I took away three quick lessons from today’s round at the Desert Pines Golf Club, our last in this whirlwind Golf Road Warriors extravaganza:
1) The three courses in the Walters Golf Las Vegas portfolio couldn’t be more different from one another;
2) I need to work on my sand game;
3) I need to work on my mower technique.
Let’s review. Our opening round in the Walters Golf whirligig was at Royal Links, a wide-open affair in the style of the Open Championship rota holes it replicates. The second tilt was at Bali Hai, a bounteous, fecund, palm-laden track that was a tropical joyride.
Desert Pines is a third animal, a Perry Dye effort that seemingly transports a low country golf experience into Nevada–the pines of Vegas. (Roughly 3,000 pines were transplanted here before the course opened in 1997.)
All of the Walters Golf courses are geared more toward the traveling player than locals, with plenty of packages available*, and we showed up right before the tournament shotgun sounded for a large group of South Korean golfers.
Nonetheless, our group took off in a large caravan—a sixsome to start—the four Golf Road Warriors joined by Walters Golf sales directors Brennan Blednick and Jimmy Schwarz, both of them sticks. And we had a gallery of other Walters reps, including general manager Joe Dahlstrom, director of marketing Josh Hill and superintendent Erik Ostlund. Talk about an entourage!
Part of the reasoning for this—other than getting the staff out of the office for a while—were the skills challenges to come. In light of fellow Warrior Aubrey McCormick’s experience on the Golf Channel’s “Big Break Atlantis” our hosts had set up a few competitions for us. This wasn’t outside their ken—“Big Break II” was contested here.
So we set out on the third hole, jumped around the course a bit, and frankly never got back around to playing the opening holes. But it wasn’t hard to get a feel for Perry Dye’s skill in laying out a course on a relatively small plot, threading tight fairways through the pines with ample mounding between holes to shield players from hubbub elsewhere, and maintaining ample length, 6,810 yards from the tips, 6,464 from the middle tees.
Ostlund said conditioning on the course had gone through a ragged period, leading to a complete renovation toward the close of the 2007 season. Mission accomplished, down to the all-new bent grass greens rolling like rockets.
I had put a brilliant three shots together on the par-5 seventh hole when the first skill shot challenge came up. Okay, though it was a little like having the blackjack dealer drawing five cards to 21 while sitting there with two kings; my reasonable shot at birdie was swept off the table.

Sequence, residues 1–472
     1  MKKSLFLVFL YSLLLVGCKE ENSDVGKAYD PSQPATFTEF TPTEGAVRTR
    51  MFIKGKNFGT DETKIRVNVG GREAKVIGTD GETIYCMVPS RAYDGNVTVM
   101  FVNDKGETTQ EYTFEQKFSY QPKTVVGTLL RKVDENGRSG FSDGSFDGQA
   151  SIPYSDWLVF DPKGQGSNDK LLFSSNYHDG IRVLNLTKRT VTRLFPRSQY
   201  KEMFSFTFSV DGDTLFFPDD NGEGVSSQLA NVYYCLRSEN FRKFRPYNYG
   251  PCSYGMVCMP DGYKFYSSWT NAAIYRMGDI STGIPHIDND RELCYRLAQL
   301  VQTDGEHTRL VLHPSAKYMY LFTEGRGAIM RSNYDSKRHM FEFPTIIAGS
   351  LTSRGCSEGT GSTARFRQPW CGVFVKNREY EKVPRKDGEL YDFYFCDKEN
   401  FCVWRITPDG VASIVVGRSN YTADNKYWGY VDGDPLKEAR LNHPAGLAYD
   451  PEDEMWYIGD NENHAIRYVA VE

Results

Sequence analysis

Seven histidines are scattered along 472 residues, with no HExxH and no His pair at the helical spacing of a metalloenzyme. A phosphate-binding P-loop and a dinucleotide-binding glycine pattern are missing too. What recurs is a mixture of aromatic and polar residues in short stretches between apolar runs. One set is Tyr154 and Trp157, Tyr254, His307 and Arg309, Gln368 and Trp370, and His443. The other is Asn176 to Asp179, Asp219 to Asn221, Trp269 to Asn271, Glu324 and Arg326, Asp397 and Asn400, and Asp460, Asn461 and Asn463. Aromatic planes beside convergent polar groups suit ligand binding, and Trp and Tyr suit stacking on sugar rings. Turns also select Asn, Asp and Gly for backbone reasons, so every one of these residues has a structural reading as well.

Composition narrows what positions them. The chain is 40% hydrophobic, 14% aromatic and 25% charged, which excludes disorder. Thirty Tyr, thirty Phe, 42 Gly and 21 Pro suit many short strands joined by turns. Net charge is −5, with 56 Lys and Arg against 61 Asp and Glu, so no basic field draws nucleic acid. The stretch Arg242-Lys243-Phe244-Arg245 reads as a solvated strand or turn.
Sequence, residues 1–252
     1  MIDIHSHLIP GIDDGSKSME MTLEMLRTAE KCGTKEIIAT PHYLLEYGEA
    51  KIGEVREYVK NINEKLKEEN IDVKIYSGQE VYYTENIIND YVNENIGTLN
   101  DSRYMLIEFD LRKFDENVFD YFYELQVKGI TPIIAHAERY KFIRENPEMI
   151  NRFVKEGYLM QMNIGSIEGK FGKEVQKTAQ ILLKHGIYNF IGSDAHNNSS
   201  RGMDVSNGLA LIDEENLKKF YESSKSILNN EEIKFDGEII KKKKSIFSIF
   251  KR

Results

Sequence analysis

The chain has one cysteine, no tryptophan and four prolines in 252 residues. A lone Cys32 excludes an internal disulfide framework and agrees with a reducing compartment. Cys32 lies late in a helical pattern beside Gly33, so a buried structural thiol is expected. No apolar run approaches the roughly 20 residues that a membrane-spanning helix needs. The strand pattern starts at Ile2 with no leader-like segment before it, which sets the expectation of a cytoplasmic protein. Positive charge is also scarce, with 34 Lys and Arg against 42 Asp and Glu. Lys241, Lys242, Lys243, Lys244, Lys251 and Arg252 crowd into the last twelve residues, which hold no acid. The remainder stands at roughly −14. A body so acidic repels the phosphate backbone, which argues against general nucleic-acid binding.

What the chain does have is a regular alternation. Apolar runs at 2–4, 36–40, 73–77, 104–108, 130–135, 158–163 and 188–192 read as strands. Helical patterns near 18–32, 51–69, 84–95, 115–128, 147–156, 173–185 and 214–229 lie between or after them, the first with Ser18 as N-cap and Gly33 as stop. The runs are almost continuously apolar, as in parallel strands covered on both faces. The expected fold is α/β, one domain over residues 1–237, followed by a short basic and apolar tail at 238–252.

We pegged up on the back sixth tee, but turned around to fire between the seventh and ninth greens over a pond toward the distant eighth green. I frankly forget who took the closest to the pin honors here, I just felt lucky to stay on dry land.
Playing down the brawny 425-yard twelfth hole it dawned on us that there were concentric circles on the green surrounding the hole. Time for the next challenge, a total of five shots from the many bunkers guarding the hole, from short to long, downhill to uphill.
I was tied for the lead after three shots. But anyone betting on me would have tanked, as I did on the last two swings. The short odds going in were on Aubrey, but Jeff Wallach upset the field, running from the back of the pack to take the honors.
I finally did get that birdie on the short par-4 fifteenth, called “Little Poison” because it bends around a huge pond hugging the right side. But the last skill challenge didn’t involve any clubs at all.
The curious can check this out in Jamie McWilliams’ “Desert Pines Overview” video here on the Golf Road Warriors site. I did, and now I’m thinking of filing a protest. It can clearly be seen, in the critical putting green mower race between Robert Kaufman and me, that someone jumps in and adjusts Robert’s throttle, helping him overcome what should have been my insurmountable lead.
I’m pretty sure there’s something about “outside agents” in the rulebook, albeit the rulebook doesn’t really cover mower races. (To answer the burning question on everyone’s mind, the mower blades weren’t spinning.)
Maybe I should have said something then and there, but our whirling dervish of a Golf Road Warriors trip was spinning to a close. We went directly from the course to the airport to head our separate ways home. But to the question golf writers often ask, “Don’t they know who we think we are?” the Walters Golf team had the answer: “Yes we do, Golf Road Warriors, yes we do.”
Out front was a stretch limousine about as long as the Colorado River. So we stretched out, feeling like we’d drawn to an inside straight, the kings of Las Vegas. Well, not the King, of course.
*Speaking of deals, Walters Golf is holding a Black Friday/Cyber Monday 72-hour sale that is cutting prices at least in half for play on any of their courses from December 3 to March 31. Check here for details. But only 500 rounds will be sold, and last I checked they were already rapidity approaching the 400 mark.